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News & Press: NABJ News

Firing of Megyn Kelly is warranted, says NABJ

Thursday, October 25, 2018  
Posted by: NABJ
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Firing of Megyn Kelly is warranted, says NABJ



Washington, D.C. (Oct. 25, 2018) -- The National Association of Black Journalists (NABJ) is monitoring reports that Megyn Kelly's recent offensive comments about blackface Halloween costumes have led to some changes at NBC.

Although unconfirmed, several media outlets are reporting that Kelly is in the process of being cut from or reassigned at the network.

During Tuesday's broadcast of "Megyn Kelly Today," Kelly set off a firestorm of criticism inside and outside of NBC when she said it was OK when she was growing up for white people to dress up as black characters and there was nothing wrong with donning blackface. Colleagues inside NBC, including Al Roker and Craig Melvin, as well as other journalists, called her comments indefensible and insensitive. Kelly later apologized for her comments, saying that she had learned from the many who spoke out about the subject.

NABJ Vice President-Digital Roland Martin appeared on "Megyn Kelly Today" providing historical perspective on the issue of blackface and its offensive nature. He stressed the obligation of people in today's society to be educated about various cultures and racial insensitivities.

Citing the Kerner Commission Report and the assassination of Dr. Martin Luther King, Jr., both occurring 50 years ago; Martin talked about the many ways insensitivity and lack of awareness has contributed to the continued abuse and disenfranchisement of people of color.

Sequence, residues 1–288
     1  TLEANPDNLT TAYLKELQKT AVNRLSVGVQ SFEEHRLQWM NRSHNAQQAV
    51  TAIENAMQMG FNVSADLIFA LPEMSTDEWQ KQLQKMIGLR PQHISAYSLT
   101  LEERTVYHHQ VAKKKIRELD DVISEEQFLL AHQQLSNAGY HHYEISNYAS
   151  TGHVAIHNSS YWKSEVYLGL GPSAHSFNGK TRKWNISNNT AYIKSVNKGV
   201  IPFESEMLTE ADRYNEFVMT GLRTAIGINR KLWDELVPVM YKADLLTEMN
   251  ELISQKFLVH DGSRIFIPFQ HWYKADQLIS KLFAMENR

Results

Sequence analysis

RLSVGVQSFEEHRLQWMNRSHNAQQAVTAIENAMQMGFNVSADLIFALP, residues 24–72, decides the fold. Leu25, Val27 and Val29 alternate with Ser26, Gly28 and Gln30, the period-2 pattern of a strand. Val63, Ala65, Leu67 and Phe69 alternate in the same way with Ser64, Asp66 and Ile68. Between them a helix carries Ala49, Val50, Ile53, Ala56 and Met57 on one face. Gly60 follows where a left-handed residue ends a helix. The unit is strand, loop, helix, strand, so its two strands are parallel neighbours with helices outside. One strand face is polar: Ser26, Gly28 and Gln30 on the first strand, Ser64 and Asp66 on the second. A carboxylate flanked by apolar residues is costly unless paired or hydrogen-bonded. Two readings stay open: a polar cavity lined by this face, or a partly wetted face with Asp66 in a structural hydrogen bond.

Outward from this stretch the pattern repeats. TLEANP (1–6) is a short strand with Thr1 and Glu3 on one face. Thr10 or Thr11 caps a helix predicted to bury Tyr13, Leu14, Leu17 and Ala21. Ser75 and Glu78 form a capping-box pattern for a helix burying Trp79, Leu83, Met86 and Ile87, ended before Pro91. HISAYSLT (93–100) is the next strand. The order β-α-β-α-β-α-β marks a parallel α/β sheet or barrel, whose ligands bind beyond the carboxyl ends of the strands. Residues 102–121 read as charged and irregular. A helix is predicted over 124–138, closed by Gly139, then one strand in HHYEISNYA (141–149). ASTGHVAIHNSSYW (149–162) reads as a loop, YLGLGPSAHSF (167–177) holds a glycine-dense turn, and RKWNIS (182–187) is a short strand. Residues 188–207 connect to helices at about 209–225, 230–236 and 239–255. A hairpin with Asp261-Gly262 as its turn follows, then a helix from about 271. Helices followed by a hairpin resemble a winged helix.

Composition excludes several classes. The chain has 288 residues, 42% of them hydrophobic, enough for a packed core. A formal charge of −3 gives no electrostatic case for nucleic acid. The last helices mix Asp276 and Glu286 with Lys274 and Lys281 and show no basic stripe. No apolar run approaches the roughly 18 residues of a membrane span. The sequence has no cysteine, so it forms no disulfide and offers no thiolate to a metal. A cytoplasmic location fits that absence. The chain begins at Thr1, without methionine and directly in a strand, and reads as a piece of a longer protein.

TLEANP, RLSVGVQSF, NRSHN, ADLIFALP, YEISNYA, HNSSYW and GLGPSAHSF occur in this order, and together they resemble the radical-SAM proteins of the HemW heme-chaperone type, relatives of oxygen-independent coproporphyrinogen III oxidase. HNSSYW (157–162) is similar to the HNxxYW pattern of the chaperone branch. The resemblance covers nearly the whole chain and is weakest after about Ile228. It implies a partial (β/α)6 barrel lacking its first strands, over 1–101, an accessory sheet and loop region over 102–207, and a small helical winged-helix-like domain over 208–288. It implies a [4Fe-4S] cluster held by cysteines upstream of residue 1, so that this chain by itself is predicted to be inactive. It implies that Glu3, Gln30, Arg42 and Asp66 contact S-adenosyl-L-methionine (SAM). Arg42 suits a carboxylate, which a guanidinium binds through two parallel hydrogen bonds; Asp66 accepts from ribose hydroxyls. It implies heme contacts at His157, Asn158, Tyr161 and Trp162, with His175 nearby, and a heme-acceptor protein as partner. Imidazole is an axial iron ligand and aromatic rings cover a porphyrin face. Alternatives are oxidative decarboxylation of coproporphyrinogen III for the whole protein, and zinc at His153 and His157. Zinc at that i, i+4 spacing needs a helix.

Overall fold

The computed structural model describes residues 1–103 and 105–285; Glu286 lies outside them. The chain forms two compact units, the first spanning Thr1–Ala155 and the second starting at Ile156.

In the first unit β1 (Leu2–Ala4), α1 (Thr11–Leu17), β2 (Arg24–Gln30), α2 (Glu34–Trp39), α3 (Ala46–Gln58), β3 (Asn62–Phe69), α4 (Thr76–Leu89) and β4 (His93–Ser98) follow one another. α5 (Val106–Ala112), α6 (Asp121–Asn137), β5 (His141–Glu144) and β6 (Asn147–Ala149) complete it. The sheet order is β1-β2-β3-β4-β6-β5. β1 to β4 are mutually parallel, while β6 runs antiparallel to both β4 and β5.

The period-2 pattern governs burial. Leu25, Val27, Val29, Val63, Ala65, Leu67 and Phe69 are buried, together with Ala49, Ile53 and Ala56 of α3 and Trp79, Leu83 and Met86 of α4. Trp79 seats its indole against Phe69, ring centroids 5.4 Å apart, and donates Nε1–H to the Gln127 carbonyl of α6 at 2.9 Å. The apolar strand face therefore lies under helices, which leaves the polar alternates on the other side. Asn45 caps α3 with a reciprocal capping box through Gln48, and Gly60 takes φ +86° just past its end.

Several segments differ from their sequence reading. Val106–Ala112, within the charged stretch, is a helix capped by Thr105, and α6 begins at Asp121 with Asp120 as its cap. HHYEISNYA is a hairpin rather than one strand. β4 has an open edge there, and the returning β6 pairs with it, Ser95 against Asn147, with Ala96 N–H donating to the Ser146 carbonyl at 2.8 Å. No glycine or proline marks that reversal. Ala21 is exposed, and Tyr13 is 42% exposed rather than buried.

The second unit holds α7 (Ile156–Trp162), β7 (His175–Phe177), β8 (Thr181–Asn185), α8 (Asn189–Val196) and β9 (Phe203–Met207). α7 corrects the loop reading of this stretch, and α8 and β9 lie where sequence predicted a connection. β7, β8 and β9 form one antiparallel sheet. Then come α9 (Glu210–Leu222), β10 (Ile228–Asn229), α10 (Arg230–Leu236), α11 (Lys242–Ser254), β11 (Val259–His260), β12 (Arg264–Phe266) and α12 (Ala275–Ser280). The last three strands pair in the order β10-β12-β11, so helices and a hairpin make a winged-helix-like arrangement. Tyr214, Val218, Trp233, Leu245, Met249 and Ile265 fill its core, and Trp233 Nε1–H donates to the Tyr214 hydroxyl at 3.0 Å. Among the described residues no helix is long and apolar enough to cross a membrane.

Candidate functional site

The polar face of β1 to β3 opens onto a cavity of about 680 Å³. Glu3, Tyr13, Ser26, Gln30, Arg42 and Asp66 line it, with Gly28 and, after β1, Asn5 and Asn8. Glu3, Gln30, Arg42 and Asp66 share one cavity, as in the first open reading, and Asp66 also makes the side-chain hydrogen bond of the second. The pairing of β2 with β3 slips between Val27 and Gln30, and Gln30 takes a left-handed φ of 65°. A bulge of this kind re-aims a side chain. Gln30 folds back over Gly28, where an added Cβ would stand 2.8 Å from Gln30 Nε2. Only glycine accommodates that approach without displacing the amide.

NABJ President Sarah Glover, who is employed by NBC, said that NABJ would like to see media organizations take bold steps to ensure that diversity and inclusion is practiced on-air and behind the scenes, and that black people and people of color are not affronted.

"Megyn Kelly's flip comments on blackface were inexcusable. It is imperative that media organizations work to maintain the trust of audiences," said President Glover. "The media industry has the power to inform, and an awesome responsibility to dispel ignorance and not encourage it."

Last year, the NABJ expressed its disappointment after Kelly was hired as the replacement for Tamron Hall, a successful "Today" show co-host at that time, in part because of Kelly's history of on-air offensive remarks regarding people of color.

NABJ will continue to monitor developments at NBC and other media companies to assist with opportunities to help with workforce diversity, equity and inclusion.

"I hope that NBC will take the appropriate action in dealing with this very unfortunate situation," said NABJ Vice President-Broadcast Dorothy Tucker.

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About the National Association of Black Journalists:
An advocacy group established in 1975 in Washington, D.C., NABJ is the largest organization for journalists of color in the nation, and provides career development as well as educational and other support to its members worldwide.

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